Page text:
What Barbie Has Taught Us About Women in Business
A Star is Born
Picture this—you’re 3-4 years old. Your parents are tired, you won’t stop screaming, and they’ve done just about everything in those outdated parenting books that they otherwise wouldn’t have picked up had circumstances not been so dire… so what is the last resort? A distraction! For some, this was a Rubik’s cube, with it’s vibrant colors and seemingly impossible challenge— I give you, the coders of this generation. Others were given legos, where they built empires to be conquered, or metropolitan cities of excellence— I give you, the engineers of the world. However, there was one toy that seemed to break the barriers of time and redefine itself at every turn. This was no toy, no, this… was BARBIE. At 6’ tall, she had the world at her feet— a doctor, an entrepreneur, a nurse, a vet, a businesswoman… there was simply no limit! Seemingly she was a reflection of the world that built her?
A Harsh Reality
The Barbie movie paints a beautiful and empowering picture of women tackling the day side by side while building each other up along the way. They hold all the power in Barbieland, and it flows as harmoniously as a Broadway choreographed number. However, as the viewer sees Barbie venture into the real world, we become more acquainted with the harsh reality of the work culture and women. She is met by an all male executive team at Mattel, harassed on the street, objectified, and worst of all, harshly criticized by other women… and preteen girls! As America Ferrera gives her speech on the difficulties women face whether it be emotional, professional, or social, there are so many things we as women can do to take back the power in what too many deem as a “powerless situation.”
It’s true. There is no perfect system that magically solves years and years of discrimination. However, there are so many tools to combat the obstacles before us, especially in the working world.
- There is no stereotypical businesswoman, we are all unique! While it can be pretty much universally agreed that Margot Robbie is an incredible goal to reach for, we shouldn’t! If there is any singular takeaway to be summarized from Greta Gerwig’s film it is that each and every person is unique and beautiful just as they are. This is applicable to the business world as well! Everyone has a different skill set, and together it makes up a well oiled company machine.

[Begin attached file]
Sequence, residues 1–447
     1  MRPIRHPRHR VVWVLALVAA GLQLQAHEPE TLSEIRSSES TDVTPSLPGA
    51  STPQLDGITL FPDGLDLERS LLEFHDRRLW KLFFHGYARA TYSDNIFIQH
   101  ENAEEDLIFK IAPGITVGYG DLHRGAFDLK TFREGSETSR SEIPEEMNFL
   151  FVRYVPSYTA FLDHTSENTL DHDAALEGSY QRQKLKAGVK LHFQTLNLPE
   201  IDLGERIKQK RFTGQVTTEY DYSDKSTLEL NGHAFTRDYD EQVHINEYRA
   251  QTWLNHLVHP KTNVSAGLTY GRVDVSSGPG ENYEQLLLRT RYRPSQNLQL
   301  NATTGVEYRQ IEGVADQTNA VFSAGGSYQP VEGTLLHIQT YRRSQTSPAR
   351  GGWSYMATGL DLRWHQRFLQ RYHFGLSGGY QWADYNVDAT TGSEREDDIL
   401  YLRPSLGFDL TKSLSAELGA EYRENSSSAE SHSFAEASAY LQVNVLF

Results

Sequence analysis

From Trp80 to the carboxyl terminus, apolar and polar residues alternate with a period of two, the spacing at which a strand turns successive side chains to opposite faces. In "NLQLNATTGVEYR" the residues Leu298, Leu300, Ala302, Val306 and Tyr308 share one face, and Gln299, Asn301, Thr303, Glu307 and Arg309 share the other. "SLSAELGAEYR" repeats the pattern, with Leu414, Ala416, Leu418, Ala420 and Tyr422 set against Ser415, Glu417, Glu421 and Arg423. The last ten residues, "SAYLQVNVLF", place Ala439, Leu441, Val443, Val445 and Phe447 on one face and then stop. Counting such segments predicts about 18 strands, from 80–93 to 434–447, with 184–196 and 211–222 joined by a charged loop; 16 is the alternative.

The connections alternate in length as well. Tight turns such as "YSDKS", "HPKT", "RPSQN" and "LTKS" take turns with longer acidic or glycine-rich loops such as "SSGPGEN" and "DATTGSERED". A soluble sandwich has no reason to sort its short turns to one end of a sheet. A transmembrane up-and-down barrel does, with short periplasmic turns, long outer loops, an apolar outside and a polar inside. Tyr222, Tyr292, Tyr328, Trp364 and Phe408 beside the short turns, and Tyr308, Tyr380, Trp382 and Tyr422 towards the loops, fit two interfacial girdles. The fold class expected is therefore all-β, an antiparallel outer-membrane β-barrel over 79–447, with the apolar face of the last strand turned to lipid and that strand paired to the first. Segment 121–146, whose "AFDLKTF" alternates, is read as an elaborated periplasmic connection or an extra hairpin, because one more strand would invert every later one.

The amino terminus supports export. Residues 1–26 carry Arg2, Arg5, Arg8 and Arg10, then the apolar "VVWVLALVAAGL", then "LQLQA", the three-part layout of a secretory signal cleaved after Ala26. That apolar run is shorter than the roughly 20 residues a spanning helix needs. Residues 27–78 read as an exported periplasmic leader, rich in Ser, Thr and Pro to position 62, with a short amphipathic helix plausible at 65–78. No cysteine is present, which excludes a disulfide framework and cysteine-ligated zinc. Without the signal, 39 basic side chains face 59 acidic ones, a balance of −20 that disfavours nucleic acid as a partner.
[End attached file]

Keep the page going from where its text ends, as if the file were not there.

- You can be emotional AND logical at the same time! Lots of women enter a meeting thinking that if they show any hint of emotion they will not be taken seriously. However, whether we are aware of it or not, in each decision ANY person makes, there is emotion. Emotion is the very thing that drives human behavior, and without it, well, we probably WOULD be Barbies. Emotion is a powerful tool, not a weakness.
- There is still work to be done: Only 10% of Fortune 500 CEOs are women. It’s no secret that it took women time to get to where we are now. In this day and age, finding a company culture that is positive and inviting for women can be a challenge, even though women are a very active and present part of the work force. 10 years ago, 2/3 of women were in the workforce, and it has increased to 75%!* However, opportunities for women advancement still need to be highlighted in many of these large corporations. Don’t let change end here!
* Schwartz, A. (2023, July 25). Americas Best Employers for Women. Forbes. https://www.forbes.com/lists/best-employers-women/?sh=77f53c61466c